User:David K. O'Hara/Notebook/physics 307 lab/balmer conclusion

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Objective

The object of this experiment was to calculate the Rydberg Constant using the measured wavelengths of the Balmer series of spectral lines.

Results

All data and calculations are viewable in my lab notebook,[[1]]

The Rydberg constant that i calculated for hydrogen from my data was 1.0965283e7 m-1 +/-4300 SJK 20:30, 14 November 2009 (EST)
20:30, 14 November 2009 (EST)It is very difficult to read this the way you've written it.  First, too many digits of precision on your mean value.  Second, it's tough to read error with one being in scientific notation, and the other not.  This is a perfect time to use the shorthand notation, like so: 1.0965(4) E7 m-1 This has the same meaning as 1.0965 +/- 0.0004 E7 m-1
20:30, 14 November 2009 (EST)
It is very difficult to read this the way you've written it. First, too many digits of precision on your mean value. Second, it's tough to read error with one being in scientific notation, and the other not. This is a perfect time to use the shorthand notation, like so: 1.0965(4) E7 m-1
This has the same meaning as 1.0965 +/- 0.0004 E7 m-1

The Rydberg constant that i calculated using my dueterium data was 1.0976325e7 m-1 +/-4500

With the accepted value for that constant as Rh=1.097272 x 107m-1 [|Ryderg constant wiki page] SJK 20:27, 14 November 2009 (EST)
20:27, 14 November 2009 (EST)This is actually the Rydberg constant for an infinitely heavy nucleus.  For hydrogen, it's actually smaller (due to reduced mass), and that's the one you'd want to compare with
20:27, 14 November 2009 (EST)
This is actually the Rydberg constant for an infinitely heavy nucleus. For hydrogen, it's actually smaller (due to reduced mass), and that's the one you'd want to compare with


Both values for the constant calculated off my measurements are within .001% of the accepted value which is remarkable considering the nostalgic equipment, but it just makes the original work done by Balmer that much more impressive.SJK 20:33, 14 November 2009 (EST)
20:33, 14 November 2009 (EST)First, YES!  It is really impressive how close you can get.  But, for one thing, I think you missed that Hydrogen and Deuterium will have slightly different constants, both of them different from the R_infinity value.  Finally, While it is very impressive accuracy, are your measurements consistent with the accepted value?  To answer this question, you need to compare your discrepancy from the accepted value with the size of your uncertainty.  Based on a normally distributed mean, how is it likely that your answer is consistent with the accepted value?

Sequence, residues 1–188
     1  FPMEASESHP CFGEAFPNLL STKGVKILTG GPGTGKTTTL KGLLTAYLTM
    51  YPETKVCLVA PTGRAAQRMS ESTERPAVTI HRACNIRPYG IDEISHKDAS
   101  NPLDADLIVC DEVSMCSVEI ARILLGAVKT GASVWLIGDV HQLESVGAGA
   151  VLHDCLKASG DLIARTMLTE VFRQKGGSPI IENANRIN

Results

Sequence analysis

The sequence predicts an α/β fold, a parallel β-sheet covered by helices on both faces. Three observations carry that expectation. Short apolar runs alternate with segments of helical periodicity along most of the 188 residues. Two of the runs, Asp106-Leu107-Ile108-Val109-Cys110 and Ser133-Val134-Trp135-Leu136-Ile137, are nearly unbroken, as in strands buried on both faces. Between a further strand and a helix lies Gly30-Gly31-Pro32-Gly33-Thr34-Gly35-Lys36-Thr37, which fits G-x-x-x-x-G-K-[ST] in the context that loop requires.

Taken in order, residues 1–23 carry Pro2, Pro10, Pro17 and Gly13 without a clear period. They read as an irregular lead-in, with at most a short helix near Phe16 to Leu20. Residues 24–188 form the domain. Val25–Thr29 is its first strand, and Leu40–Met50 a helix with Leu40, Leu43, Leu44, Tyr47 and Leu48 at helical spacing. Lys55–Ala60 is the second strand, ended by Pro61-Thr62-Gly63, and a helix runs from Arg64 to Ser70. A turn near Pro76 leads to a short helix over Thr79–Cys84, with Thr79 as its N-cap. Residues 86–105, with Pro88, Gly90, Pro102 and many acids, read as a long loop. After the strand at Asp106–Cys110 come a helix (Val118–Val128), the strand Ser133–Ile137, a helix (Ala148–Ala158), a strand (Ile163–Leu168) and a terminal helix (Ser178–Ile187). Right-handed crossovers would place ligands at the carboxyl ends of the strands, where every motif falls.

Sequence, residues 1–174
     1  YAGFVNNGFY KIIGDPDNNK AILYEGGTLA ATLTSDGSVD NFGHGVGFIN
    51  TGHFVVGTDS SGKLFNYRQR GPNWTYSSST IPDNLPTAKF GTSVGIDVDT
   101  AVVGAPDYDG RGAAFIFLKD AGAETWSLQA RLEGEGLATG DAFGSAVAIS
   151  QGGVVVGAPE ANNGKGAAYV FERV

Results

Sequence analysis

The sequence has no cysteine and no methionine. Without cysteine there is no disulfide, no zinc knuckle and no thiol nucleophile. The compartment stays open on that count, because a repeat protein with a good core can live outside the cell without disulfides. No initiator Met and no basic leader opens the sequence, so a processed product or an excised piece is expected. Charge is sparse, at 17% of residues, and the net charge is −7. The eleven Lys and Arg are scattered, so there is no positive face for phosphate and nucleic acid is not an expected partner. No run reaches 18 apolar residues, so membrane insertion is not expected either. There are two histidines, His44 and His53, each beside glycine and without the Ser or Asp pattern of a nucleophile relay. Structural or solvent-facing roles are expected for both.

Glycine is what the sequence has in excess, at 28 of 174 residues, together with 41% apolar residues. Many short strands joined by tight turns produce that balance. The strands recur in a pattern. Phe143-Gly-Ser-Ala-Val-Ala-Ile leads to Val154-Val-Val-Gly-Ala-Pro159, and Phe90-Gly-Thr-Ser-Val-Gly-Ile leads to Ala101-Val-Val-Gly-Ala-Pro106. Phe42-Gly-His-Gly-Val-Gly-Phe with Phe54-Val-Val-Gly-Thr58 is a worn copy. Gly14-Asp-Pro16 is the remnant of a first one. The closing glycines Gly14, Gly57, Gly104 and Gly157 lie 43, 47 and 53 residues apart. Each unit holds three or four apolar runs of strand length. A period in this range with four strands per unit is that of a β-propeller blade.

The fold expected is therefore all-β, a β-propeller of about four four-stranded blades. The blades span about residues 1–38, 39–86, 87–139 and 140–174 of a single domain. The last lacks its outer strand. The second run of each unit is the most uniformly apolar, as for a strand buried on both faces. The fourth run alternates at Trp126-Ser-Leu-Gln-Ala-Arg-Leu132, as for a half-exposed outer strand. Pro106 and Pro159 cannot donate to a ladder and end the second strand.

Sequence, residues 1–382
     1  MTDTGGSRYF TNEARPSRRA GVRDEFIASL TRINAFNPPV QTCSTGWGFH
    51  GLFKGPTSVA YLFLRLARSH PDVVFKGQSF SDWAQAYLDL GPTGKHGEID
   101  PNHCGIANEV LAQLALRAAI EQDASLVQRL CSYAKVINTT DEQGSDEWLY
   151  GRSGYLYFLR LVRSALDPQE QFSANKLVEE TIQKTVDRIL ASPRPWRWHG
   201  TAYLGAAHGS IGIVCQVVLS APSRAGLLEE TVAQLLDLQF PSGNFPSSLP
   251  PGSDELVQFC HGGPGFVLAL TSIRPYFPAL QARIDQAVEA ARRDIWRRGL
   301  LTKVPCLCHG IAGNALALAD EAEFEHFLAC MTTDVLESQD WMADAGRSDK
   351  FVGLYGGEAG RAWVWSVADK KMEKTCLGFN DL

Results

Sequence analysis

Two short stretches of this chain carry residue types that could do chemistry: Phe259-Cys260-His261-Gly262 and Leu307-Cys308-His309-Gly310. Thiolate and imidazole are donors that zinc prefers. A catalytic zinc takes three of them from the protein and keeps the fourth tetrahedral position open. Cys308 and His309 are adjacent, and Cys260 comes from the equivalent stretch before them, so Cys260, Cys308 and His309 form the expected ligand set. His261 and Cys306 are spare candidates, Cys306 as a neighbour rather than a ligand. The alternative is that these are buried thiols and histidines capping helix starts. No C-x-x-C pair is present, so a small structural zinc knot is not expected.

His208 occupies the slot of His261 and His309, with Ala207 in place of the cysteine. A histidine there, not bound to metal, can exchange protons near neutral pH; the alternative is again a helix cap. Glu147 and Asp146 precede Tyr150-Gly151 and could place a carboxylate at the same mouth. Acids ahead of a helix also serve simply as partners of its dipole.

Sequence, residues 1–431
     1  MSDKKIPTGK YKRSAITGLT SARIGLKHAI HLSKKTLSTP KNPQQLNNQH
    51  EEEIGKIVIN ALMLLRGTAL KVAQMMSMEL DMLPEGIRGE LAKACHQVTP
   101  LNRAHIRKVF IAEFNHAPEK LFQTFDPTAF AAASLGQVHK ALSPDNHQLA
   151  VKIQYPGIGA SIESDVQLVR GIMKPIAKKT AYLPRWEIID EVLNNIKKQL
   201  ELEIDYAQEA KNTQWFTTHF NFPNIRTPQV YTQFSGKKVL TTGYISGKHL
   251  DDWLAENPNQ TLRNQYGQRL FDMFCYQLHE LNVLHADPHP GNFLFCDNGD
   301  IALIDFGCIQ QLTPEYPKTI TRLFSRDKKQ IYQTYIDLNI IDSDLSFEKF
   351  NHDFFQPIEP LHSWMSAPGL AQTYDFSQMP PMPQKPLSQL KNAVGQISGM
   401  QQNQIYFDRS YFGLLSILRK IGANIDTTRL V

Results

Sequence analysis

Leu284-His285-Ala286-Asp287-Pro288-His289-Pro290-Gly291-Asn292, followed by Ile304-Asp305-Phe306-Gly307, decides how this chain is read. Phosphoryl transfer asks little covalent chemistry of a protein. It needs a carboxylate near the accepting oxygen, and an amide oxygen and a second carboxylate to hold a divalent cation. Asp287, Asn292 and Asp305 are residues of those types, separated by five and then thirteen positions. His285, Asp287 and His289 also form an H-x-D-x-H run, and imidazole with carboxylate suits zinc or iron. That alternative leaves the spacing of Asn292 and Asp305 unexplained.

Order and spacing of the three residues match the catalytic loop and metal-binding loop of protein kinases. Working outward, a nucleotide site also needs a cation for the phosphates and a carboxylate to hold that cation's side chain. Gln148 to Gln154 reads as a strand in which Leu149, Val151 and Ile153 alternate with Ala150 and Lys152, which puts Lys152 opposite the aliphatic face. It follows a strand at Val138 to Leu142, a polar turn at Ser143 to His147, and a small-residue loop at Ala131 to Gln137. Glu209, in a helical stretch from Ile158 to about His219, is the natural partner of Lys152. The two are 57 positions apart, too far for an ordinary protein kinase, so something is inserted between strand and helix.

20:33, 14 November 2009 (EST)
First, YES! It is really impressive how close you can get. But, for one thing, I think you missed that Hydrogen and Deuterium will have slightly different constants, both of them different from the R_infinity value. Finally, While it is very impressive accuracy, are your measurements consistent with the accepted value? To answer this question, you need to compare your discrepancy from the accepted value with the size of your uncertainty. Based on a normally distributed mean, how is it likely that your answer is consistent with the accepted value?

Conclusion

The objective of this experiment was to calculate the rydberg constant by measuring the Hydrogen spectal lines using a specrometer and using the measured wavelengths to find the rydberg constant by plugging the measured wavelength into an equation based on which energy transition was being observed.

There were several sources of systemic error in this experiment, including:

1. Slippage of the gears on the measuring device. The way this spectrometer measures the wavelengths requires rotating the prism table to center the spectral line on crosshairs of the eyepiece. The mechanism for this rotation had what the manual called slippage (what I would call slop) that would allow the measurement gauge to move without moving the prism table.
2. The way you held your head when taking measurements could induce parallax which could have a fairly large impact on where the line appeared in relation to the crosshairs.
3. Also the measuring gauge was not very well divided. Particularly when trying to read the measurement for the higher wavelengths the gauge simple did not have the precision on its scale to engender a high confidence level.

Which, considering some of these issues, I was very happy with the value I calculated for the constant.

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